The UK is to restart manufacture of immunoglobin therapies from UK-sourced blood plasma after a gap of more than 20 years, it was announced last week. The decision opens the way for developing immunoglobin products specifically aimed at COVID-19, as well as other immune diseases.
The ban was introduced in 1998 amid concern about the spread of variant Creutzfeldt-Jakob Disease, which entered the human population through contaminated meat from animals with BSE.
The decision follows a comprehensive review of the evidence on the safety of UK blood plasma undertaken at the end of last year by the Medicines and Healthcare products Regulatory Agency (MHRA), the government said.
It said the lifting of the ban would make the UK “more self-sufficient” in producing these medicines. 250,000 litres of plasma collected through blood donations are currently discarded every year.
MHRA chief executive Dr June Raine said the review had been “thorough.”
Dr Raine said: “Patient safety is at the forefront of all the work we do, and as with any medicine available in the UK, the MHRA ensures that robust safety standards have been met before treatments made from plasma can be given to the public.”
NHS Blood and Transplant currently collects around 350,000 litres of plasma each year as part of their ongoing whole blood donations for hospitals. 100,000 litres of this is used for transfusion and the remaining 250,000 is discarded or not used to manufacture medicines, as it is common practice in other countries where a ban is not in place.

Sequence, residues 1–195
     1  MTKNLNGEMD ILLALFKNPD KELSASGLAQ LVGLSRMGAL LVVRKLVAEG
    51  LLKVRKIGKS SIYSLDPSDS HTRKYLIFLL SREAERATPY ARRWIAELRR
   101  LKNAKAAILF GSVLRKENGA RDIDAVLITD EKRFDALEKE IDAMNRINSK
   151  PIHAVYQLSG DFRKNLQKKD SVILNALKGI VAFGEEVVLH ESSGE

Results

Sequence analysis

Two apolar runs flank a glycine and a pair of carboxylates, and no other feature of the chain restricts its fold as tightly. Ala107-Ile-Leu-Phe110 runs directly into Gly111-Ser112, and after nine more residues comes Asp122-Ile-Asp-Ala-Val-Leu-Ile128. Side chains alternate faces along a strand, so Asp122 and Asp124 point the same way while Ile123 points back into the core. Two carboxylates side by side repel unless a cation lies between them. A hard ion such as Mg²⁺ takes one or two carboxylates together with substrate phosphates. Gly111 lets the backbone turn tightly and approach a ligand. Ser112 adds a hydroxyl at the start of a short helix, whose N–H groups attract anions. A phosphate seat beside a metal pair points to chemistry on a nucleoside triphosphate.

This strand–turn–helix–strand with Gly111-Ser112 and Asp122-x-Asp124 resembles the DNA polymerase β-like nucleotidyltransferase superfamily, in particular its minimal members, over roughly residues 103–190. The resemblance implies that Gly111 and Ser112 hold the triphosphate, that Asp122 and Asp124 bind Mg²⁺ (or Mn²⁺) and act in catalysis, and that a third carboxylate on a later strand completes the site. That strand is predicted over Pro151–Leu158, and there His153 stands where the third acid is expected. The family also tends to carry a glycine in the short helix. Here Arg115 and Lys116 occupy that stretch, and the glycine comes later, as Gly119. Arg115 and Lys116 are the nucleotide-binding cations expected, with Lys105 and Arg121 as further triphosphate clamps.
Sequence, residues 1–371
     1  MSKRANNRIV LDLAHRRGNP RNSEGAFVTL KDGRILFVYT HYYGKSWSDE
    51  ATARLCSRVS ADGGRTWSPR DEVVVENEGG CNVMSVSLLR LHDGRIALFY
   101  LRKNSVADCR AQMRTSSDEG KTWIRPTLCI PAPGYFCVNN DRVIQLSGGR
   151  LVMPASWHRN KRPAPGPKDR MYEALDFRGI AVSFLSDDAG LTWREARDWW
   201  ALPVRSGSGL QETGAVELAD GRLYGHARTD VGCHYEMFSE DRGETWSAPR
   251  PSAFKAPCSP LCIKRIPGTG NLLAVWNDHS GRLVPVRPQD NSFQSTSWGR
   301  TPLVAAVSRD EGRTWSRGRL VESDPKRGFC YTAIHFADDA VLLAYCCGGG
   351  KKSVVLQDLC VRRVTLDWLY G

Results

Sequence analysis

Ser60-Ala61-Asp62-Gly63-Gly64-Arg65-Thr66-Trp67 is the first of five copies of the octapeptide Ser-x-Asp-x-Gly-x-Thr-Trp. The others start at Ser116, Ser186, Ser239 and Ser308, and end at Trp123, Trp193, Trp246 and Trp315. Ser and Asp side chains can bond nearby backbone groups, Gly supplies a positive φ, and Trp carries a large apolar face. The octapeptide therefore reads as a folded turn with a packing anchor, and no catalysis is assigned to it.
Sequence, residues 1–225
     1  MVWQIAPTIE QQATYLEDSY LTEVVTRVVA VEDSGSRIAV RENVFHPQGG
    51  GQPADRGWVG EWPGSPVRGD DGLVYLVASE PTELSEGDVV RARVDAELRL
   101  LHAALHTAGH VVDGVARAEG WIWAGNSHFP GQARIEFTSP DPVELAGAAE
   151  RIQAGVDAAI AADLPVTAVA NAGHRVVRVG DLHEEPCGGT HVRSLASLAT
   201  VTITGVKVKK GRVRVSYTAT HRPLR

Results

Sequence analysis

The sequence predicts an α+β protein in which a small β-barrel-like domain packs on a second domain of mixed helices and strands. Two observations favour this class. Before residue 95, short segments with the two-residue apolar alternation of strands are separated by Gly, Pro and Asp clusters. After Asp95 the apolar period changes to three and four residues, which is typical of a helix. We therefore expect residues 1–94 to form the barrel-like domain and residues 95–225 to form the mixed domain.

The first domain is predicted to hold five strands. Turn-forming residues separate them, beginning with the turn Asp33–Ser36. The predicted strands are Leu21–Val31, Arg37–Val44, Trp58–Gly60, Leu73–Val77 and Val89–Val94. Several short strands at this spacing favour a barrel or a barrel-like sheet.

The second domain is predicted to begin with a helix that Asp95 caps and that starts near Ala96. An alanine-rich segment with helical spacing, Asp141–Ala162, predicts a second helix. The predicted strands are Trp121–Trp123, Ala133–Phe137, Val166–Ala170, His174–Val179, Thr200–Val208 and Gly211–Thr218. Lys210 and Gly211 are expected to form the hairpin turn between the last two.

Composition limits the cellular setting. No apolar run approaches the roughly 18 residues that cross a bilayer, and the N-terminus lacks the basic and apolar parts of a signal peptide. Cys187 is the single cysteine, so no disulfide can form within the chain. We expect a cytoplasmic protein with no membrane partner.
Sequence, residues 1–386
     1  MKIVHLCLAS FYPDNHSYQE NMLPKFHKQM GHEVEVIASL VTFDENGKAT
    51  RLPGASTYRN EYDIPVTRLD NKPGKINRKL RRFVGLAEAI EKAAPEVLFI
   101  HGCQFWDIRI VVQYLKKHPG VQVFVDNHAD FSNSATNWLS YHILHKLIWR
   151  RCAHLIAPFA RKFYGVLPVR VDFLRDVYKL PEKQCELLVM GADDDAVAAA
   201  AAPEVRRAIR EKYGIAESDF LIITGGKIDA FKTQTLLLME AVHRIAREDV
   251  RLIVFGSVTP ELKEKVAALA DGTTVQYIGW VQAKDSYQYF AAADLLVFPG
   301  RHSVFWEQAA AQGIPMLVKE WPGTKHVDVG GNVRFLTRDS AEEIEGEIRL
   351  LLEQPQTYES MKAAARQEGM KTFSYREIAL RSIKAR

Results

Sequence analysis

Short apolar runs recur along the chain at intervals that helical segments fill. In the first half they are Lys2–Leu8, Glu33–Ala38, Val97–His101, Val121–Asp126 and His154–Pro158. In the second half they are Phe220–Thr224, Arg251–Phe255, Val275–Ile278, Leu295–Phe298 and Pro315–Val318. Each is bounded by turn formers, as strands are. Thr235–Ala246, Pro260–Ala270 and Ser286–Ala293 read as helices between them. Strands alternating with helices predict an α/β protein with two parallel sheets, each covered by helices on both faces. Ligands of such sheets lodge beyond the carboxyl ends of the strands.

Following the decision to lift the ban, the whole blood donations from generous donors will be used to save and improve even more lives, by using the plasma from those whole blood donations to also make medicines for patient care.
NHS Blood and Transplant chief executive Betsy Basis said: “There is growing global demand for these vital medicines so it’s important that the UK develops its own supply for UK patients.
“We also look forward to exploring the opportunity of fractionating convalescent plasma for the production of hyper-immunoglobulins to treat COVID-19.”
Health minister Lord Bethell said: “The safety of NHS patients remains our absolute priority and we have put in place robust precautionary measures to ensure every batch is safe.”
Convalescent plasma is currently being trialled in the UK for the treatment of COVID-19 and, if the results are positive, this would mean immunoglobulins from plasma donated in the UK could in future be used as immunoglobulins to treat coronavirus patients.
Source: UK Department of Health
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